Would you believe that 52 percent of American companies operate as home businesses, according to the U.S. Small Business Administration? My wife and I have occupied that category almost from the day we were married and perhaps, at least on my side of the family, it was ordained.
I was fascinated when as a child my mother told me that my paternal grandfather had been a soda bottler in Philadelphia, and more interestingly, that his bottled sarsaparilla was delivered to and stocked by the corner store owned by the father of the wildly popular singer at the time, Mario Lanza. When I asked where the bottling plant was located, I was astonished to learn that it was based in the basement of my grandfather’s row home, and further, that the returned bottles were hand scrubbed with round brushes by his first wife (“who literally worked herself to death,” my mother said) and all of her 18 children who had survived childbirth and were old enough to work.
My stay-at-home mother, who had a bent toward the dramatic, left me with a horrible impression of an at-home business as dark and dangerous, even draconian, and I was grateful that my family lived simply in a one-story ranch with no industry going on around or beneath us that required my slaving away after school. However, once married and ensconced in my first home in the city which happened to have a ready-made antiques shop on the first floor, I seemed to become obsessed by a demon, perhaps the spirit of my grandfather, to succeed in my own business located within my own home. And when I moved to the country, I intentionally looked for an old historic home that was three times the size I needed to accommodate both a special use permit and a business du jour.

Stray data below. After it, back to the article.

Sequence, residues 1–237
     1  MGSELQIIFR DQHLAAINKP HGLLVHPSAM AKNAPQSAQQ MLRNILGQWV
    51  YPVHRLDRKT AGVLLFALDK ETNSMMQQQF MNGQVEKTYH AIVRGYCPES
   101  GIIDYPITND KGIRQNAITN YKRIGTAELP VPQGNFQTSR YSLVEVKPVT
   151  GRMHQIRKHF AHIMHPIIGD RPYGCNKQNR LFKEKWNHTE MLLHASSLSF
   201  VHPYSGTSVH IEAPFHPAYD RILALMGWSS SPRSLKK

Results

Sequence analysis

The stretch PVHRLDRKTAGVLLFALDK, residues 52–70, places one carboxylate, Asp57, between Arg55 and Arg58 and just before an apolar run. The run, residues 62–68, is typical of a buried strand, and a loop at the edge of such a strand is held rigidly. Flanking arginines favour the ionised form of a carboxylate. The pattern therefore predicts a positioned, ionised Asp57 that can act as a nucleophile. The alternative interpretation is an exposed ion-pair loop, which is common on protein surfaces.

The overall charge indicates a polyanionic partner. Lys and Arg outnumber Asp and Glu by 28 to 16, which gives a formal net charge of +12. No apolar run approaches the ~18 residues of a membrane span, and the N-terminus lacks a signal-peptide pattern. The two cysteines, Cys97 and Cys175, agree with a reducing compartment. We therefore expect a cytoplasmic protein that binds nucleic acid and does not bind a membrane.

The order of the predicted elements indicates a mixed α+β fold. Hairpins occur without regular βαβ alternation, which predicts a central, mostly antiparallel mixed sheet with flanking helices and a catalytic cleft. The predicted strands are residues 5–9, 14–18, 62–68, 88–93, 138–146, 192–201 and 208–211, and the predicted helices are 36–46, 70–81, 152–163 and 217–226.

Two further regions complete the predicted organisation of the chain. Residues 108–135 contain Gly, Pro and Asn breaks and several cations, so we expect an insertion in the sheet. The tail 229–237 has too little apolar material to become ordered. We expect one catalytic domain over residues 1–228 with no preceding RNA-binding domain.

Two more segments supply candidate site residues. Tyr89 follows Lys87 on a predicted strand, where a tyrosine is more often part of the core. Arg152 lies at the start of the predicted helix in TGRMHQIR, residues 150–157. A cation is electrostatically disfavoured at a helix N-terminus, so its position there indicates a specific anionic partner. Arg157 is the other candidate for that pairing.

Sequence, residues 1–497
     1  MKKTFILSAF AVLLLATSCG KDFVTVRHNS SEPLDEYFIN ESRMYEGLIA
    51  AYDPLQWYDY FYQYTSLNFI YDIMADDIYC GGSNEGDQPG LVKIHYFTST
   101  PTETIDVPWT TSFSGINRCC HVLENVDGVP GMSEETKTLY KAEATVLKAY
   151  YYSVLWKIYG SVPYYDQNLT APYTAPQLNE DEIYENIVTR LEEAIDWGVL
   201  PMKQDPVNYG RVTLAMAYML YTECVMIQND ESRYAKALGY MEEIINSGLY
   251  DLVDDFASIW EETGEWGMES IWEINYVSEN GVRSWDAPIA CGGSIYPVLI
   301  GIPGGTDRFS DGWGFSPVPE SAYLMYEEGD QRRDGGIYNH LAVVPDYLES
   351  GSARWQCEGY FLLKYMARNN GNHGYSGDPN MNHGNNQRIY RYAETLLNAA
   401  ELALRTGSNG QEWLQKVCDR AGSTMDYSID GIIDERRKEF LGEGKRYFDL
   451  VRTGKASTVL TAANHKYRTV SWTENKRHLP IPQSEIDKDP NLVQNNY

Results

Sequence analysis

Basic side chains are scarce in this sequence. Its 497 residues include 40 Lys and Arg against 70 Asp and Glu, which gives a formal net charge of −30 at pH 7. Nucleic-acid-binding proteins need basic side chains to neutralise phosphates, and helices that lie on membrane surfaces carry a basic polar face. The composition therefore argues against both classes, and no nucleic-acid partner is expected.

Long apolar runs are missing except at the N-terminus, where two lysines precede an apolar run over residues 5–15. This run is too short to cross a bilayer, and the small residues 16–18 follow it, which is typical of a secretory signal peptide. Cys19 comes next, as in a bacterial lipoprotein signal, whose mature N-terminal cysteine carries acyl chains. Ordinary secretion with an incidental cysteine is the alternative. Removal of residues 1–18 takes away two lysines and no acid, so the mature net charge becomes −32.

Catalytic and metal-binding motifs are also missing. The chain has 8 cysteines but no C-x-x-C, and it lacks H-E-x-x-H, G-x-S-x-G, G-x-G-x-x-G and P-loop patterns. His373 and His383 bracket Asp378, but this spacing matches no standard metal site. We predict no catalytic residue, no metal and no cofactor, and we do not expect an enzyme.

Over the years that space has hosted in succession and sometimes concurrently a failed antiques store, a very successful nursery school, a short-lived weight loss club, a shorter-lived gourmet society, an exhausting New York State packaged foods operation, and from 1980 to the present, the longest running public relations firm in the Hudson Valley, combined in the past six months with the office for The Home Guru Team of William Raveis Real Estate.
Lately there have been rumblings from the distaff side of my wonderful marital relationship. “I’ve lived my home life ‘above the store’ practically since Day One of my marriage,” says my wife Margaret, “and there has always been something going on other than our daily living routine. It would be nice to see how other people live for a while!”
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Bill Primavera is a Realtor® associated with William Raveis Real Estate and Founder of Primavera Public Relations, Inc., the longest running public relations agency in Westchester (www.PrimaveraPR.com), specializing in lifestyles, real estate and development. His real estate site is: www.PrimaveraRealEstate.com and his blog is: www.TheHomeGuru.com. To engage the services of The Home Guru and his team to market your home for sale, call 914-522-2076.